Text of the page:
Erdmann says that although broad communication of park rules has resulted in increased compliance, the economic incentive to illegally extract resources in the park only increases over time, necessitating a continuously vigilant patrol system. The need for such vigilance was made apparent earlier this year: a temporary work strike by village patrol members resulted in a spike in blasting and cyanide activities in the park within two weeks.
Portland Bight Protected Area: Contending with a culture of “system-beating”
In Jamaica, according to Peter Espeut of the Caribbean Coastal Area Management (C-CAM) Foundation, history has played a role in determining societal compliance with regulation in general. After slavery was outlawed in 1834, upper-class planters continued to control the formal economy and police into the 1900s, resulting in decades of civil unrest. “Distrust of the police, as well as a desire to beat a system perceived as unjust, are almost written into the genetic code of working-class Jamaicans,” says Espeut. “In this context, there is almost a ‘culture of system-beating’ in Jamaica.”
C-CAM bears management responsibility for the 1876-km2 Portland Bight Protected Area under an arrangement in which the Jamaican government delegates authority for protected areas to qualified NGOs (MPA News 4:4). For C-CAM to manage Portland Bight effectively, it has had to confront the culture of system-beating, says Espeut. “Success in defeating that culture is not to be measured by the absence of law-breaking, but by the absence of community support for law-breaking,” he says. To achieve that, C-CAM has involved community fishers in setting fisheries regulations for the protected area, which now await formal government approval. C-CAM has also established a system of local enforcement agents.
“Even when the local community ‘owns’ the regulations, some may still resent outsiders coming in and arresting their relatives and friends for non-compliance,” says Espeut. “What better way is there to cement the new culture of compliance and natural resource management than to empower community leaders as enforcement officers?” Some 50 fishers have been appointed Honorary Game Wardens and Fishery Inspectors by Jamaica’s head of state, conveying powers to arrest, search without warrant, and impound vessels when evidence is found. C-CAM provides three days of training annually to each warden and inspector on all aspects of the work. The enforcement agents are all volunteers.
Espeut says concerns about the local enforcement system – including that wardens and inspectors would excuse their friends and relatives and harass their enemies, or take bribes – have not come to pass. In fact, the reverse has been found: wardens and inspectors advise their relatives and friends not to embarrass them by committing an offense, as they would be forced to personally arrest them to prove they are not corrupt, says Espeut. The effect of the enforcement system on illegal activity has been evident: illegally caught lobsters, for example, are no longer openly exposed for sale during closed seasons.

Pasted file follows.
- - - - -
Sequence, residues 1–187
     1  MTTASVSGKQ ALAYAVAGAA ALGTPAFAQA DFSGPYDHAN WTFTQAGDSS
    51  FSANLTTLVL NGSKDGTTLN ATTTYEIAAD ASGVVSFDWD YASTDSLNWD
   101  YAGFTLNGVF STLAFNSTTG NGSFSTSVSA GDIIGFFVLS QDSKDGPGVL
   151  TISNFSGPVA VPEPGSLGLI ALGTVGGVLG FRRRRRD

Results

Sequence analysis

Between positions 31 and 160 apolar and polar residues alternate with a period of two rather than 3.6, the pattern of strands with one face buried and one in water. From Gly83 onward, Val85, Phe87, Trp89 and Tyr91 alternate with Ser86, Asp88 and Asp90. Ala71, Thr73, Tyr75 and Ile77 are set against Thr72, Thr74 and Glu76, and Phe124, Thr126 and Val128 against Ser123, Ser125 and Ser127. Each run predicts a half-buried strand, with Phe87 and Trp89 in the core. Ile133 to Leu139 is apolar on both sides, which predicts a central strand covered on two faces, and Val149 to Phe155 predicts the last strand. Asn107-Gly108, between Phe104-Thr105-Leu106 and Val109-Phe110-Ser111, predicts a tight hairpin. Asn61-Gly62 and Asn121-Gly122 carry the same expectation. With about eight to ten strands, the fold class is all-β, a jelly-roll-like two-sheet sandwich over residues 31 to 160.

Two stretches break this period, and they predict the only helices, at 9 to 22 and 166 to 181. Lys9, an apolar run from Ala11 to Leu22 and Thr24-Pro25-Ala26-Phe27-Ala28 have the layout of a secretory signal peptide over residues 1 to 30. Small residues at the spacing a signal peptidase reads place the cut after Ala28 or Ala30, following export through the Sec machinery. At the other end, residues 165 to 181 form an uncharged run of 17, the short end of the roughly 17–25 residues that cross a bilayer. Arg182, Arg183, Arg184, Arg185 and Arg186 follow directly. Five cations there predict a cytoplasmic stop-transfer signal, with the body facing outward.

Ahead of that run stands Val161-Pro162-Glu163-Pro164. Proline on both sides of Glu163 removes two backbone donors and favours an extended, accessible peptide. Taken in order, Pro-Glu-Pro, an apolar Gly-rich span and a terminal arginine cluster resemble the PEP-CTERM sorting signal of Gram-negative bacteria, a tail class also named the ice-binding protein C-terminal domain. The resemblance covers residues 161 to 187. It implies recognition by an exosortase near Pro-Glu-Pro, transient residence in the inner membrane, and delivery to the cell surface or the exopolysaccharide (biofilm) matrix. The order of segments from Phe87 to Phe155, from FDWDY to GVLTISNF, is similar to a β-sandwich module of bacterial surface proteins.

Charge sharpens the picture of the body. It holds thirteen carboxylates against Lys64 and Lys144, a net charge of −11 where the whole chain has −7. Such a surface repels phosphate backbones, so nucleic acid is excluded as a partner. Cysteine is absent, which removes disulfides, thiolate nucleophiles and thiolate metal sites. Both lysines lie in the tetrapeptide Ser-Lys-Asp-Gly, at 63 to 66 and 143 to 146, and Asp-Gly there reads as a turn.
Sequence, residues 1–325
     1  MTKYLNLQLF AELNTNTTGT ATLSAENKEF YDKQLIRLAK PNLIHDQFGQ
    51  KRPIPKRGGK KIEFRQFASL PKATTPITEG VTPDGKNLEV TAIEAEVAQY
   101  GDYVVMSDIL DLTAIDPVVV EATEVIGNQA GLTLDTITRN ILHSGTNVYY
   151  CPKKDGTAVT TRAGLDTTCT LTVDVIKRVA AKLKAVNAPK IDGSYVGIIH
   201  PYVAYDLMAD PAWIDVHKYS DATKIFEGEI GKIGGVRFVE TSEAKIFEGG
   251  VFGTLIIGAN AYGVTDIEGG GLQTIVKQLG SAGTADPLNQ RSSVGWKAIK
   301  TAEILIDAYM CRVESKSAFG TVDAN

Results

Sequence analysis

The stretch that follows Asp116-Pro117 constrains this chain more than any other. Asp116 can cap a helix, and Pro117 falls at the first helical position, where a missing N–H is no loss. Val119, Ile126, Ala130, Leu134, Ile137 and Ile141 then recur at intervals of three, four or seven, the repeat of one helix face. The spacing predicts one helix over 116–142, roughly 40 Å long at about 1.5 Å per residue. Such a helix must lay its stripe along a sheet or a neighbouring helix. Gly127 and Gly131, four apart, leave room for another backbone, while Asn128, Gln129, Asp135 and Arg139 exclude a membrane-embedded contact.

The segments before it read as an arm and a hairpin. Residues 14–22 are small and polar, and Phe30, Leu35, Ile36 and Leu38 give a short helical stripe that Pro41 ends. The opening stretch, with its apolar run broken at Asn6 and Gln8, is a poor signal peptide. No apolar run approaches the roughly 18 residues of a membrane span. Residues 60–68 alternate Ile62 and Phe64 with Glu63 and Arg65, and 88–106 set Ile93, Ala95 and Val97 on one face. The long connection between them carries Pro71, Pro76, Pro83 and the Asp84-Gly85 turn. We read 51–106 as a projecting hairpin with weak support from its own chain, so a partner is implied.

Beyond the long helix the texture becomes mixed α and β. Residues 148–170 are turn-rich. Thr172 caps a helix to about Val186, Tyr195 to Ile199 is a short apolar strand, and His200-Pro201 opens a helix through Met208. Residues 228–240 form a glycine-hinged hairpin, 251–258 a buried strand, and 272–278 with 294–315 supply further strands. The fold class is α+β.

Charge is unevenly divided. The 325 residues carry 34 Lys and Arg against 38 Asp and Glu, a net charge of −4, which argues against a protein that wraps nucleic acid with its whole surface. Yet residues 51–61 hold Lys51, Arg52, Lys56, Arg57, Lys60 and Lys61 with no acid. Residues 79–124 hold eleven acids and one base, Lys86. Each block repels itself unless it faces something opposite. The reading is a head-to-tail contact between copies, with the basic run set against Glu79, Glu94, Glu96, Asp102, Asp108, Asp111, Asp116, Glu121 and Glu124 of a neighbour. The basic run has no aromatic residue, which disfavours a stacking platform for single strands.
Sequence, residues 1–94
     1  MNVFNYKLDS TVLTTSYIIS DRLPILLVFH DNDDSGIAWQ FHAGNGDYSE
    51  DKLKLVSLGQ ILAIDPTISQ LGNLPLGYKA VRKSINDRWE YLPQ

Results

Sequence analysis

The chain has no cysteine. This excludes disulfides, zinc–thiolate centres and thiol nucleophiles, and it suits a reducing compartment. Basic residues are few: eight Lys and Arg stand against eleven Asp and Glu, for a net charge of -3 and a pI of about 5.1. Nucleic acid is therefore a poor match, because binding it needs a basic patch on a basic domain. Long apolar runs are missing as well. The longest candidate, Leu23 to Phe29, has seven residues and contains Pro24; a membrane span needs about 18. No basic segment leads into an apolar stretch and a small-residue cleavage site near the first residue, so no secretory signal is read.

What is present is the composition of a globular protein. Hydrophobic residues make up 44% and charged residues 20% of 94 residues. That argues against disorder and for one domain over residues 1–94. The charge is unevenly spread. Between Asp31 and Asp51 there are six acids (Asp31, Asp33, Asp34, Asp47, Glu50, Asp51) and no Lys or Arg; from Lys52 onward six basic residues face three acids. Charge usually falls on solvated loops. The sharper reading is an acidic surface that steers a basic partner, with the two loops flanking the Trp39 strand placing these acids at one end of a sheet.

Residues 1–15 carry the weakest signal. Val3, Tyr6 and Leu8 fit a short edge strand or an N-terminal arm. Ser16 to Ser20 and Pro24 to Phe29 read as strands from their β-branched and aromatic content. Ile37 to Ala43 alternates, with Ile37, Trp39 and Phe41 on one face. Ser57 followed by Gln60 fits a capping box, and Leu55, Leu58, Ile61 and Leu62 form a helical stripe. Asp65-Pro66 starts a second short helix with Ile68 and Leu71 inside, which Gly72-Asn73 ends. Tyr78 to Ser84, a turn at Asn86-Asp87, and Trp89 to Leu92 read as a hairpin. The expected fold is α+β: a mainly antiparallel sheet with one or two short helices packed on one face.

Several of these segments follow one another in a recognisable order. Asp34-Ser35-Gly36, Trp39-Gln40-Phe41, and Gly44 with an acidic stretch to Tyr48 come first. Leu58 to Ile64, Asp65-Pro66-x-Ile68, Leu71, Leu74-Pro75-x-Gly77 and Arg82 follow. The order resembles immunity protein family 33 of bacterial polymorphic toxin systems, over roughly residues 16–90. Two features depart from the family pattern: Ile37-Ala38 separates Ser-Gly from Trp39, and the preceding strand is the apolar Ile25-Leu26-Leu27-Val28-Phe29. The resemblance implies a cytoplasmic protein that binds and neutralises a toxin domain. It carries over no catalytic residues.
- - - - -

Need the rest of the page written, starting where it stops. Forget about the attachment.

Notably, just one case of an offense has gone to trial. This is partly due to the emphasis C-CAM places on warning offenders rather than taking them to court. Also, regulations governing the protected area do not adequately cover some of the most destructive activities affecting Portland Bight – like fishing with dynamite – that will be addressed in the upcoming fisheries regulations for the protected area.
Once the fisheries regulations are approved by the national environment minister, enforcement could become a higher-stakes task. “It is not our intention that these community volunteers should risk life and limb – and it might come to that with the dynamiters – even in defense of their economic well-being,” says Espeut. “C-CAM’s intention is that when the fisheries regulations are in place, we will hire full-time, paid ranger corps, who under the Natural Resources Conservation Act will have special police powers.” The wardens and inspectors would continue to serve, but more as the “eyes and ears” of the ranger corps, he says.
Tanga region, Tanzania: Guarding against the use of excessive force
The Tanga region of Tanzania, in eastern Africa, extends southward along the Indian Ocean from the country’s border with Kenya. Characterized by coral reefs, mangroves, seagrass beds, estuaries, and bays, Tanga’s coastline has experienced lower fish catches and deteriorating reef health since the 1980s, due to widespread use of destructive fishing methods. It is estimated that 12% of the region’s reefs have been completely destroyed, with another 64% in poor or moderate condition.